Proprietary Data Insights
Financial Pros Apparel Manufacturing Searches in the Last Month
Dividend Investors Take Note
U.S. consumers are moving from expensive to lower-priced fashion.
According to a recent survey by The Business of Fashion, 72 to 74% of respondents, from low- to high-income consumers, sought cheaper options.
It’s probably why we’ve seen a significant spike in searches for Hanesbrands (HBI) in our proprietary Trackstar data.
Financial pros are likely considering it because of its:
Yet the company is running negative cash from operations, and the stock price fell more than 65% to below $10 this year.
Many worry the dividend is on the chopping block.
So what’s the real scoop?
You’re probably familiar with their old slogan, “Just wait ’til we get our Hanes on you.”
Hanesbrands designs, manufactures, sources, and sells basic apparel for men, women, and children. It employs 59,000 associates in 33 countries.
It owns the brands Hanes, Champion, Bonds, Maidenform, Bali, and Playtex.
The company divides its operations into three segments: Innerwear, Activewear, and International.
HBI generates 37% of its revenues from Innerwear, 27.5% from Activewear, and 30% from International.
In Q3, the firm’s Innerwear sales dropped 11% from last year. While Activewear remained on par, International sales declined 6%.
Operating margins declined 16% in Innerwear and 11% in Activewear. (There was no listing for International.)
You’d think underwear would be recession-proof.
Source: Stock Analysis
HBI has declared a dividend for 39 consecutive quarters, returning cash to shareholders. But the firm has a negative operating cash flow of -$395.65 million.
Operating performance has been disappointing. The company’s net debt rose to $3.7 billion, while trailing EBITDA fell to $932 million.
HBI’s consolidated net leverage ratio at the end of Q3 was 3.9x on a net debt-to-adjusted-EBITDA basis, compared to 2.6x at the end of Q3 2021.
Moreover, its total liquidity position at the end of Q3 was $863 million, consisting of $253 million of cash and equivalents and $610 million of available capacity under its credit facilities.
To help boost sales, HBI is creating new products, like Maidenform bras that attract younger consumers.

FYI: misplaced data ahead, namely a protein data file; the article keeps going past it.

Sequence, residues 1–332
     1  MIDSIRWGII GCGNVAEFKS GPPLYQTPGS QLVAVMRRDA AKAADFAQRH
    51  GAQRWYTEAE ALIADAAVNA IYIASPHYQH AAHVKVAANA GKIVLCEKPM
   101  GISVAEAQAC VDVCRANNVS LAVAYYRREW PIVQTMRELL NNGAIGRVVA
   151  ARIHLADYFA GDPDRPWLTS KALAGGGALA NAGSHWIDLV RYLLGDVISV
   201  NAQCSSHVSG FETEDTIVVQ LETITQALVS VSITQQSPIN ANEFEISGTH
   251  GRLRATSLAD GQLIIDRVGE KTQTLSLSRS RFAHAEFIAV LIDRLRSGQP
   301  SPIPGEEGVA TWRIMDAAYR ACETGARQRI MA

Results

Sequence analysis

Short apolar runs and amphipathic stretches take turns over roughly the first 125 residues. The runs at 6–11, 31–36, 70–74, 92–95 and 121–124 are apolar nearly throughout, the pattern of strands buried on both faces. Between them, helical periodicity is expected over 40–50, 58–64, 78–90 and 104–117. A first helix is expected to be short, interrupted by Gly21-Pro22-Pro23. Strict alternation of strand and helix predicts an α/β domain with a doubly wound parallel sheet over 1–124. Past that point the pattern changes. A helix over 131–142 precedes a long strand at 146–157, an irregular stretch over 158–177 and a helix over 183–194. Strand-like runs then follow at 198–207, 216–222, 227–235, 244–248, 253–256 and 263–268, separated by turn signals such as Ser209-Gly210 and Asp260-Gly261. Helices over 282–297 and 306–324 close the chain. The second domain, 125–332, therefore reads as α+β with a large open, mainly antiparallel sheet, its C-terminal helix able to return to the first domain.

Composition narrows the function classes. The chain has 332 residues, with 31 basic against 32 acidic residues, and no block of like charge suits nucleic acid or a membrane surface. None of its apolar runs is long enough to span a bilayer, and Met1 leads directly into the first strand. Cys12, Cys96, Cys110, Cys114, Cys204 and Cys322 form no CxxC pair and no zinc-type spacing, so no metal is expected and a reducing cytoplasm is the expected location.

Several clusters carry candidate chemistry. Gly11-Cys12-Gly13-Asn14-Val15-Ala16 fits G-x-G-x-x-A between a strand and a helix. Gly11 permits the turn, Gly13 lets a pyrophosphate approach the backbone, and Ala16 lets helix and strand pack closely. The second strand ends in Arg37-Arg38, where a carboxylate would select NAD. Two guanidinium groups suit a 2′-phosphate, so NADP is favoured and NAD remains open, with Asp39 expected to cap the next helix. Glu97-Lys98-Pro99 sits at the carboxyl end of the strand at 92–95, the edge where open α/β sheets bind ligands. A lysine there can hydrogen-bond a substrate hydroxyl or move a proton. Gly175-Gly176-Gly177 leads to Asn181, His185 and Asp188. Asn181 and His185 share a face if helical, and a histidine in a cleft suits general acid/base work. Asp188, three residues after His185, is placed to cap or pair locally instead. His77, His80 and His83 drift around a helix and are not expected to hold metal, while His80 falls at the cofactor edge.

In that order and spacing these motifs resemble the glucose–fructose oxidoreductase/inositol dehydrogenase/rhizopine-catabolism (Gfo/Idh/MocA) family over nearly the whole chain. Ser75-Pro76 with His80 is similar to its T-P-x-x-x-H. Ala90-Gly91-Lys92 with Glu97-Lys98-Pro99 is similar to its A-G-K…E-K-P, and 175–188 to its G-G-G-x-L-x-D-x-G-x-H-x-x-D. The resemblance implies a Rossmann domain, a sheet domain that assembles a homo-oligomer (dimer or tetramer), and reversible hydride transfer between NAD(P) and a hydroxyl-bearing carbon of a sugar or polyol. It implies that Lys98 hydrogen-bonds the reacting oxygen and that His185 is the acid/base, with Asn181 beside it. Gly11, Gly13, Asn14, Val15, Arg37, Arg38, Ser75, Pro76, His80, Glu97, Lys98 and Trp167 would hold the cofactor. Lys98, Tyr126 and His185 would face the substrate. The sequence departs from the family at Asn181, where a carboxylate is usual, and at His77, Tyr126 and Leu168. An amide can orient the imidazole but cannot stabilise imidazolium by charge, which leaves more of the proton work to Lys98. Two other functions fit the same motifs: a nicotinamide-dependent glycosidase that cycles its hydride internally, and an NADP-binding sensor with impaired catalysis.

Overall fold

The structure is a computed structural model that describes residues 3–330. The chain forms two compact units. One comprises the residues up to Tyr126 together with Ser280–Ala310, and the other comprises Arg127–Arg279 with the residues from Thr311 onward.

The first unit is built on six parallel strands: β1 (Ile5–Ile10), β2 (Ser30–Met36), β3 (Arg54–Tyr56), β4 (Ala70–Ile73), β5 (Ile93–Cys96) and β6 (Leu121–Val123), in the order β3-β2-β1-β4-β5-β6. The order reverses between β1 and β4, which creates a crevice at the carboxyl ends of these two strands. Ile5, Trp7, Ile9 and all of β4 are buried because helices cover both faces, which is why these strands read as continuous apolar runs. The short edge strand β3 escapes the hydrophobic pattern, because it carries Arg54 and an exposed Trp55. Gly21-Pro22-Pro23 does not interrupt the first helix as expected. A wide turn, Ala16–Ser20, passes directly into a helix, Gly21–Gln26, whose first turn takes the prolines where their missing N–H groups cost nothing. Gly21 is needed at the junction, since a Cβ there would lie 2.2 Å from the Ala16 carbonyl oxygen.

In addition, it is taking steps to improve flexibility, lower costs within its global supply chain network, and work with bank partners to amend its credit agreements.
Near term, the company appears to be financially stable, with a current ratio of 1.7x.
But the company will likely face higher interest expenses and need to cut its dividend if things don’t turn around pronto.
Source: Seeking Alpha
HBI trades at a price-to-sales ratio of 0.34x, significantly lower than its five-year average of 0.82x.
Moreover, it’s cheaper than its peers Gildan Activewear (GIL) at 1.6x, Under Armour (UAA) at 0.94x, Columbia Sportswear (COLM) at 1.63x, and Carter’s (CRI) at 0.84x.
Its P/E GAAP ratio of 6.2x is much lower than rivals GIL at 8.5x, UAA at NM (not meaningful), COLM at 16.3x, and CRI at 10.7x.
In addition, it trades at an attractive dividend yield of 10%. GIL has a dividend yield of 2.45%, UAA has none, COLM is at 1.4%, and CRI is at 4.2%.
But as we noted earlier, HBI’s dividend yield is likely in jeopardy.
Source: Seeking Alpha
HBI has -$395.65 million in cash from operations. While it’s not as bad as UAA at -$1.65 billion, its other peers are cash-flow positive. GIL is at $378 million, COLM is at $41.9 million, and CRI is at $43.4 million.
But it’s not all bad news for HBI. Its EBIT and EBITDA margins are in the double digits. And it has a return on equity of 54.1%, far higher than GIL at 33.7%, UAA at 19.1%, COLM at 18.5%, and CRI at 28.9%.
Source: Seeking Alpha
Last quarter was rather disappointing for HBI, as the company’s earnings growth fell 47% YoY. Quarterly revenue growth fell 6.6%.
Its YoY revenue growth is -3.3%, notably weaker than GIL at 16.8%, UAA at 27%, COLM at 17.5%, and CRI at -1.5%.
In addition, its EBITDA growth of -18% YoY is disappointing compared to GIL at 69.7%, UAA at 325%, and COLM at 6.1%, although CRI at -18.9% was even worse.
Our Opinion 6/10
HBI management guided to positive cash flow next year.
Shares trade below $6 at writing.
If you think Hanes can pull it together, lower debt, and improve cash flow, the stock can easily get back over $10.
But this is speculation.
Another headwind could also slam management and bankrupt the company.
So there’s plenty of reward. And plenty of risk.
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